```
var Redis = require('ioredis-mock')
var redis = new Redis({
  data: {
	'messages': [message]
  }
})
```

Once the guestbook has been developed, we create a docker image that we will load onto an Azure Container Registry (ACR) connected to the Resource Group on which the AKS instance is also present.

Let’s take a look at DockerFile:

```
FROM node:slim

WORKDIR /app

## Copy package.json and package-lock.json before copy other files for better build caching
COPY ["./package.json", "./package-lock.json", "/app/"]
RUN npm install

COPY [ ".", "/app/" ]
EXPOSE 3000
CMD ["npm", "start"]
```

Let’s build the container and load it to ACR.

```
docker build . --tag=guestbook:v1
docker tag guestbook:v1 <my-acr-name>.azurecr.io/guestbook
docker push <my-acr-name>.azurecr.io/guestbook

Now let’s see how Pulumi allows us to describe architecture programmatically. In the project inside the cloud folder, we find two files: index.ts and k8sjs.ts.

index.js

```
import * as pulumi from "@pulumi/pulumi";
import * as k8sjs from "./k8sjs";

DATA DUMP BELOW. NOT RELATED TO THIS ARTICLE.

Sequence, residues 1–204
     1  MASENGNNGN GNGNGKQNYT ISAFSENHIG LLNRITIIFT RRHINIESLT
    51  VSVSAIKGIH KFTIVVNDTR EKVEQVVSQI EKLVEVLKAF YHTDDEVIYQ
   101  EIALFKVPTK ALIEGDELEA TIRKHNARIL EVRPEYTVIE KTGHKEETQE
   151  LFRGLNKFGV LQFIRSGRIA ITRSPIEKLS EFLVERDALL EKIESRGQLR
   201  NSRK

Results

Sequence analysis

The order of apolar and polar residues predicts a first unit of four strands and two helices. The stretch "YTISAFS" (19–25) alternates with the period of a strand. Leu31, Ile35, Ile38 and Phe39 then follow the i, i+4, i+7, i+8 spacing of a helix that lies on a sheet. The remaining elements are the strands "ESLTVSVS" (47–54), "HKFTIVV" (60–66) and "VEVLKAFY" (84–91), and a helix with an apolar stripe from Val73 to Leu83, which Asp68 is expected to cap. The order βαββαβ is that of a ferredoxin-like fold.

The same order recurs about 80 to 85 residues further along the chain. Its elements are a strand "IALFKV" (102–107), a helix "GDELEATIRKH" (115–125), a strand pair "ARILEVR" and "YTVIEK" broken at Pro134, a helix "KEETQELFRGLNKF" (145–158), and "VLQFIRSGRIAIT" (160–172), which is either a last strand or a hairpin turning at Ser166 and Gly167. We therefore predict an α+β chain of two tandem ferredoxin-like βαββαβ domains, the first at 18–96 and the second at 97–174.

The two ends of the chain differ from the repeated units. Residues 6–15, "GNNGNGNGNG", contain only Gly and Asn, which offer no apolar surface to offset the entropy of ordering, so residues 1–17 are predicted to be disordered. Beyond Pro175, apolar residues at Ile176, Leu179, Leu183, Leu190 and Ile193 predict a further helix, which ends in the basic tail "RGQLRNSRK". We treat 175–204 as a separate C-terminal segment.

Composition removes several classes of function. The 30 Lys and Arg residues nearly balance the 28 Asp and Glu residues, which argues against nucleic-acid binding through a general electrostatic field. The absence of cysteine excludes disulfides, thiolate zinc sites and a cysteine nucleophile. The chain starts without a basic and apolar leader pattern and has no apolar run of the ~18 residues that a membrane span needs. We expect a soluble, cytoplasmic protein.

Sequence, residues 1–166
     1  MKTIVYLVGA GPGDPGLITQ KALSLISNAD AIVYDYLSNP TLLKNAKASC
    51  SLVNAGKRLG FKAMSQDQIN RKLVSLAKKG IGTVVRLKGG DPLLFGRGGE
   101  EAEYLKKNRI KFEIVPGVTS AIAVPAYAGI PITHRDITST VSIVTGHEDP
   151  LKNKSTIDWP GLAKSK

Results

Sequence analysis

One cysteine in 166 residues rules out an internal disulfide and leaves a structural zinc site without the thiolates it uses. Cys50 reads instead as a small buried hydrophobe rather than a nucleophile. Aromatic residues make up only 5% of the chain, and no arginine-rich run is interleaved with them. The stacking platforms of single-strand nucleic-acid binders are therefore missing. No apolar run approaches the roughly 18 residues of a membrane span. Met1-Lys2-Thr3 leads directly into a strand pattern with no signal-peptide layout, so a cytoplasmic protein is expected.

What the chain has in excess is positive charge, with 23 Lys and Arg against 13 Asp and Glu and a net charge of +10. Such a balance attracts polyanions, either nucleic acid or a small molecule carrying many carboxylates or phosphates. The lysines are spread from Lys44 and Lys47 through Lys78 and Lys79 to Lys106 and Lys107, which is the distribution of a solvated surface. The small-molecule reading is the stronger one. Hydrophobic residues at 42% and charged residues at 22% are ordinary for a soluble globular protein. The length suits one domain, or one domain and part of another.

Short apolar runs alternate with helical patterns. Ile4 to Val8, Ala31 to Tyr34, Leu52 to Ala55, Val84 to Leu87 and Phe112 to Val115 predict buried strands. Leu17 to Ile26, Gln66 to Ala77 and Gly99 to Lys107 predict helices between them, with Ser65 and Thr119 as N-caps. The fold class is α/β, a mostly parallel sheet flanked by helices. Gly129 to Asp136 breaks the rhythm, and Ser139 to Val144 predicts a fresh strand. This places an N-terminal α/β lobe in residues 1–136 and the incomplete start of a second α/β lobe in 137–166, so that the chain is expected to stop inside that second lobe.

const config = new pulumi.Config();

const redisLeader = new k8sjs.ServiceDeployment("redis-leader", {
	image: "redis",
	ports: [6379],
});

const redisReplica = new k8sjs.ServiceDeployment("redis-replica", {
	image: "pulumi/guestbook-redis-replica",
	ports: [6379],
});

const frontend = new k8sjs.ServiceDeployment("frontend", {
	replicas: 3,
	image: "<my-acr-name>.azurecr.io/guestbook:latest",
	ports: [3000],
	allocateIpAddress: true,
});

export let frontendIp = frontend.ipAddress;
```

Let’s notice that index.ts describes the high-level infrastructure, taking advantage of the Servicedeployment class created in k8sjs.ts. Two instances of Redis are defined in the code, of which one leader and one replica. In addition, a deployment of our application is specified, with replication set to 3, so you have redundancy in case of failures.

Let’s see the ServiceDeployment class :

```
import * as k8s from "@pulumi/kubernetes";
import * as k8stypes from "@pulumi/kubernetes/types/input";
import * as pulumi from "@pulumi/pulumi";

/**
 * ServiceDeployment is an example abstraction that uses a class to fold together the common pattern of a Kubernetes Deployment and its associated Service object.
 */
export class ServiceDeployment extends pulumi.ComponentResource {
	public readonly deployment: k8s.apps.v1.Deployment;